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Welcome to the Health & Wellness Bachelor Completer program! Upon completion of this program, you will achieve a bachelor degree that will prepare you to work in a variety of settings and focus on varying degrees of health and wellness. You will finish the program with an understanding of the planning, implementation, and evaluation of the health and wellness programs in diver settings. You will also acquire critical thinking skills by applying what you have learned to determine the best course of action for the population you are serving. The skills you will gain in the program will empower you to educate and advocate for patients, families, and the community on wellness topics through various application-based learning.
Your responsibilities vary greatly in this position due to the diversity of locations you can work, including hospitals, clinics, human resources, wellness centers, social service agencies, and gyms. You can have a focus in a variety of different healthcare specialties. Since you may work with a variety of different populations, you should also exemplify knowledge, professionalism, compassion, and customer service skills to maintain superior patient experience.
Our program prepares you to be able to step into this role, in any setting, with the knowledge and confidence needed to be a valued employee.
The Health & Wellness Bachelors Completer program is classified as a Bachelor’s Degree Completion Program. The Health & Wellness Bachelor’s program requires a conferred associate’s degree from and accredited institution as recognized by the Department of Education. Students must also provide proof of completion with a minimum grade of a “C” or higher in 3 specific courses, Medical Terminology, Structure and Function, and Pathophysiology. There are 181 total degree credits required to complete the program. The courses can be completed in the Accelerated or Flex Choice learning options. There is no national certification that is needed to practice in Health and Wellness, but depending on the population in which one chooses to serve, there are many optional certifications, such as Certified Wellness Practitioner, Certified Personal Trainer, and many other options.
The Health & Wellness (H&W) program is fully online, meaning that all of a student's coursework is completed via online courses. The H&W program can be completed in just 3 quarters with each quarter being 11 weeks long, meaning a student could complete this program in about 9 months (between each quarter there is a 2-week break). Instead of each course being 11 weeks long (the length of a quarter), the courses within this program are 5.5 weeks long, or half a quarter. It is a bit strange to students at first, especially the half-week aspect, but research demonstrates higher student success in this model.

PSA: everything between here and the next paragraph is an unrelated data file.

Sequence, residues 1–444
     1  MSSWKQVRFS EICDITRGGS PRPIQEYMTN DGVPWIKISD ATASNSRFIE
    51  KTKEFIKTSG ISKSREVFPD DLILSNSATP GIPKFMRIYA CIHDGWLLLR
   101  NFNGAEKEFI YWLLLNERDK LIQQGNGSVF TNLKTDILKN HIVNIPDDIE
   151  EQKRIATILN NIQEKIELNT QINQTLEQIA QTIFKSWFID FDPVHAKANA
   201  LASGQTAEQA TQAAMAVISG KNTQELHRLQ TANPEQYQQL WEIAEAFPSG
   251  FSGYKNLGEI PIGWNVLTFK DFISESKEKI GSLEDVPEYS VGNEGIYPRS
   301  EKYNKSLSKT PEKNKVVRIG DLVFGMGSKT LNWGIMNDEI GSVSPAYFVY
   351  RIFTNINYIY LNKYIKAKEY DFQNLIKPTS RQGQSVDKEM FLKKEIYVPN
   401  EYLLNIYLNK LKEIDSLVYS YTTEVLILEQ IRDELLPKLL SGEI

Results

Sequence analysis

So how does it work? Let’s say a student is enrolled in 2 courses for the first quarter. You will notice that each quarter is divided into term 1 (T1) and term 2 (T2), where T1 is the first 5.5 weeks of the quarter, and T2 is the last 5.5 weeks of the quarter. In this example, in the first 5.5 weeks of the quarter (T1), the student will take 1 course, and then in the last 5.5 weeks of the quarter, called T2, the student will take the second course. Check out the tab 5.5 Course Model to get more details on this concept and how the courses are designed within this 5.5- week model.
Each quarter is 11 weeks long and are divided into term 1 (T1) and term 2 (T2). T1 refers to the first 5.5 weeks of the course, and T2 refers to the last 5.5 weeks of the quarter (for a total of 11 weeks). In one 11-week quarter of courses, a student can take a course during T1 and a course during T2 for a total of 2 courses taken in that quarter.
Watch this video to see how T1 and T2 setup works within a calendar quarter.
So how do you prepare yourself? Time management is going to be your key to success. Make sure you check out the Time Management tab to make sure you are set on your time management skills before the quarter starts and are ready to tackle these 5.5-week courses. Also, understanding how to make tutor appointments is great to know as well. You can even meet with a tutor for time management tips.
Time management is an important life skill and is essential for you to be successful in your courses and program. Take the time prior to classes starting to put together a time management calendar. This is where you map out and assign/budget your time during each week for academics, work, family, and personal time. Creating this calendar will provide you with the pathway to success and allow you to balance college with other aspects of your life. Rasmussen College has two excellent resources to help you learn how to manage your time efficiently: